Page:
abominate

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If there is a word in the dictionary under any letter from A to Z that I abominate, it is energy.
In the taking of legal oaths, for instance, deponents seem to enjoy themselves mightily when they come to several good words in succession, for the expression of one idea; as, that they utterly detest, abominate, and abjure, or so forth; and the old anathemas were made relishing on the same principle.
The whole intention is to portray me as someone who abominates other communities.
Walt Whitman is striding Down the mountain of Berkeley Where with one step He abominates & destroys The whole atomic laboratory Wherein it becomes a jewel In his heel, O Eloheim
T]he man who adores the Negro is as sick as the man who abominates him.
He abominates alcohol and swearing, and he is constantly compared favourably with the drunken, foul-mouthed men with whom he comes into contact, among them the soldiers he encounters during his brief service in the armed constabulary who, under the influence of 'the drink habit', 'were transformed into raving maniacs or sordid brutes'.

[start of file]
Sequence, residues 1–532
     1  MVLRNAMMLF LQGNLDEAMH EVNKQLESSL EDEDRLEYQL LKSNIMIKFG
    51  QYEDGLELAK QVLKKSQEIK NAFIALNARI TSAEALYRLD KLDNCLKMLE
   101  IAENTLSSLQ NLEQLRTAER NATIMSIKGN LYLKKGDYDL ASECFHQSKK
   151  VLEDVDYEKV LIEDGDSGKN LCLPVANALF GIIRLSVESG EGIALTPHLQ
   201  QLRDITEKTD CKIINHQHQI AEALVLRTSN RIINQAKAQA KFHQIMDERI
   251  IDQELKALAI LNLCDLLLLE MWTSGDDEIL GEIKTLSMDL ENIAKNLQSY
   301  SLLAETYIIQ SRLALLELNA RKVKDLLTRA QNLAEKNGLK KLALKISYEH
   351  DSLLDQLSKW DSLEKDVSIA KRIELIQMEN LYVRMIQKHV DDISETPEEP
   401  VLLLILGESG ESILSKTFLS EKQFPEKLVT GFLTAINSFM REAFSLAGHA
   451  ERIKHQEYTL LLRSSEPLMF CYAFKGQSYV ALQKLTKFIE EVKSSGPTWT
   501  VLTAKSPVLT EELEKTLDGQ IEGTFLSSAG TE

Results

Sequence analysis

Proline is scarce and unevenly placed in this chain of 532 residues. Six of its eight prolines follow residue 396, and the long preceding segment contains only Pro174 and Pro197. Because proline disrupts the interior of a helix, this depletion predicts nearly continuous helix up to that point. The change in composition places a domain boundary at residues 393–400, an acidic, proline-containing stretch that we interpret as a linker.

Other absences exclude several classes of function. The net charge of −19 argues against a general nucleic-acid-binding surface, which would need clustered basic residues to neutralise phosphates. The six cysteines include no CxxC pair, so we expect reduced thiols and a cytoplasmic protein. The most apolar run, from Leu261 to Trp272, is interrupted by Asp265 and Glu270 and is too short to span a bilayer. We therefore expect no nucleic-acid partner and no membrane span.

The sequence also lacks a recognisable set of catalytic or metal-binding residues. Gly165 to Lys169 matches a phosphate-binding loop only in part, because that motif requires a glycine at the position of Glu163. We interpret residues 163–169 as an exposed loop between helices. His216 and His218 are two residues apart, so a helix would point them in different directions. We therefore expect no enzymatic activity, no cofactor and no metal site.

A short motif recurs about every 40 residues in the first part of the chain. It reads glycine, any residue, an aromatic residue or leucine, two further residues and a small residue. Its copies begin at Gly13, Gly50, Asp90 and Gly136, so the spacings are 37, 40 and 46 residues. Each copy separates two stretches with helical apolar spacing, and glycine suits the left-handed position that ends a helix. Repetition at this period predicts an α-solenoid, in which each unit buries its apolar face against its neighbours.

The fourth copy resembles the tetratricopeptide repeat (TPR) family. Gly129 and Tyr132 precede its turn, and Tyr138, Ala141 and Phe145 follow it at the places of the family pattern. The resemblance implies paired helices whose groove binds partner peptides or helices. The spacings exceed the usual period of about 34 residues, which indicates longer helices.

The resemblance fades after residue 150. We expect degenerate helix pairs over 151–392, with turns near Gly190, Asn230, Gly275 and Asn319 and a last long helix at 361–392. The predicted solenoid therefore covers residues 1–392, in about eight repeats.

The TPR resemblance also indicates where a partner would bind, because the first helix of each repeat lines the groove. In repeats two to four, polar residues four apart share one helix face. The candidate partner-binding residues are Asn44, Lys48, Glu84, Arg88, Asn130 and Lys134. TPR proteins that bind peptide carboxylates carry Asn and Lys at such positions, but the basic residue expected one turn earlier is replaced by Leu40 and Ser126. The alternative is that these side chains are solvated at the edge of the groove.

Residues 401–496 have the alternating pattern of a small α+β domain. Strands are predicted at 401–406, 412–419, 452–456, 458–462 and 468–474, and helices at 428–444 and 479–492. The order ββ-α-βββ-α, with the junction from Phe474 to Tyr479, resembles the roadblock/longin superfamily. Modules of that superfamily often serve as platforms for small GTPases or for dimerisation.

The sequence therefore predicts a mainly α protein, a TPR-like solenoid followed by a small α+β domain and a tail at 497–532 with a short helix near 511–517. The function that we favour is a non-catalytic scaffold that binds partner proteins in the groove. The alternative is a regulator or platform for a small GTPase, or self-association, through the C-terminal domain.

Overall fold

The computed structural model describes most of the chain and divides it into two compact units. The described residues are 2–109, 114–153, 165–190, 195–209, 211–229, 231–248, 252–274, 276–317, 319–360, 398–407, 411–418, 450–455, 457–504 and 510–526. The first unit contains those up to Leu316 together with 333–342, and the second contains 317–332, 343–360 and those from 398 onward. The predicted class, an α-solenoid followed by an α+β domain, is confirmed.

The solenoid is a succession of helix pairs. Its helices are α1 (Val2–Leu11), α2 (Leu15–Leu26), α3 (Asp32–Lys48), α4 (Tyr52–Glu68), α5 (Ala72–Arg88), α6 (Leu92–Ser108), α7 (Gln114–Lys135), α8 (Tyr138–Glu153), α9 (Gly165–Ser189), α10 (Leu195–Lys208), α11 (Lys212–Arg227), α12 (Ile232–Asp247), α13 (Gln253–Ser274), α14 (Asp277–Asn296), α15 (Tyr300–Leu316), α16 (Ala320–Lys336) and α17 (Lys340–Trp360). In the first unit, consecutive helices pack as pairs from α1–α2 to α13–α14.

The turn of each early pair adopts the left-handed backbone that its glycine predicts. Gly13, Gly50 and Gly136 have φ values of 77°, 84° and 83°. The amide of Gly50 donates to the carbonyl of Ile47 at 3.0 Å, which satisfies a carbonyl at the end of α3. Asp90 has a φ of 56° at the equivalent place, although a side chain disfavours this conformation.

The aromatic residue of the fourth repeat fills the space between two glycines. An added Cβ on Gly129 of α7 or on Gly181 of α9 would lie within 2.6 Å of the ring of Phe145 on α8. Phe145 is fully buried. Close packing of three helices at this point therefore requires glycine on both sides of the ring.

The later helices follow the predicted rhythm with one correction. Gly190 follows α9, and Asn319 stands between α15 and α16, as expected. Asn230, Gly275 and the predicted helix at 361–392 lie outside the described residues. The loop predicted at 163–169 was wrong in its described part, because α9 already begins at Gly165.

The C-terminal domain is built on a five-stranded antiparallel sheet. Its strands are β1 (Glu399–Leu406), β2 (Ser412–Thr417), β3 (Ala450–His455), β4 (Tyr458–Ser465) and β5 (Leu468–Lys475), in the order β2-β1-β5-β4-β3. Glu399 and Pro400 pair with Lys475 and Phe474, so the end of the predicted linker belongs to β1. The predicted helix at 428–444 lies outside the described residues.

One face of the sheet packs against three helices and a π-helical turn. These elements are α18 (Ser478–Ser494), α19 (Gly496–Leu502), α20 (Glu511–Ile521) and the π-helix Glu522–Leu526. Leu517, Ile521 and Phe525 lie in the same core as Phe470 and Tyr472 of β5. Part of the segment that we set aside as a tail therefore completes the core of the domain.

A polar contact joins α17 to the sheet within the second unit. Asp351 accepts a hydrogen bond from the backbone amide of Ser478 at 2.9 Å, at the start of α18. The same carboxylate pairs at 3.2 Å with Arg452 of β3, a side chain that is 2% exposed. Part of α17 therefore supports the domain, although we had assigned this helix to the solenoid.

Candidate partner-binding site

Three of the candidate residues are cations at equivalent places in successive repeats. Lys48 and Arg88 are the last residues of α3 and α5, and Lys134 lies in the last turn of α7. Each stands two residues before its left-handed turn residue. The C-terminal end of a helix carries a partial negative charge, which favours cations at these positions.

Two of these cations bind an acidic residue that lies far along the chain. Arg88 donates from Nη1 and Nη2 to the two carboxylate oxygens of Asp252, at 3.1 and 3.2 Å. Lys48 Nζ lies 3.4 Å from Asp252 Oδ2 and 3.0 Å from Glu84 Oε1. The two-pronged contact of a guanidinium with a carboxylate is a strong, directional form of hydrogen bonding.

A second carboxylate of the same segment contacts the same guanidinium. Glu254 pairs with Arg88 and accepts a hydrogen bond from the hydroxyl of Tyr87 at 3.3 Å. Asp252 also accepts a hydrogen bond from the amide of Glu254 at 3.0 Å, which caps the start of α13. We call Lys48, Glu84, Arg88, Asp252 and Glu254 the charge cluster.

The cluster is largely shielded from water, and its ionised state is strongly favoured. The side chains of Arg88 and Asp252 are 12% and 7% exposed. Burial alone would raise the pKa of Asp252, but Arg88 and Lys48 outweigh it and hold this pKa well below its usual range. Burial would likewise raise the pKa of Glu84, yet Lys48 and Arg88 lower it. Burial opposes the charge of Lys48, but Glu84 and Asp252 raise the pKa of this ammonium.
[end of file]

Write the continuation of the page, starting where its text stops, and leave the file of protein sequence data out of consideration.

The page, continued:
In the same vein, a man (or woman) may be described as onye aru-rala: literally, one who pollutes or abominates the land.
He is proud of his resistance against Russian invasion, but abominates inter-Afghan rivalries between iihadi parties.
Not unlike Quevedo, don Quijote abominates its use, but his many confrontations with monetary demands alter his relation to the economy.
A true lover of literature should be in one way like an honest examiner, who is prepared to give the highest marks to the telling, felicitous and well-documented exposition of views he dissents from or even abominates.
They meet on a regular basis, adopt twee literary pseudonyms (Gandalf, Offred, Queequeg), hold trials of books that any member abominates (called "montages" to recall the protagonist in Fahrenheit 451), then burn a token copy of those titles unanimously condemned in what Aubrey describes as "an incendiary biblioclasm of soul-soothing proportions.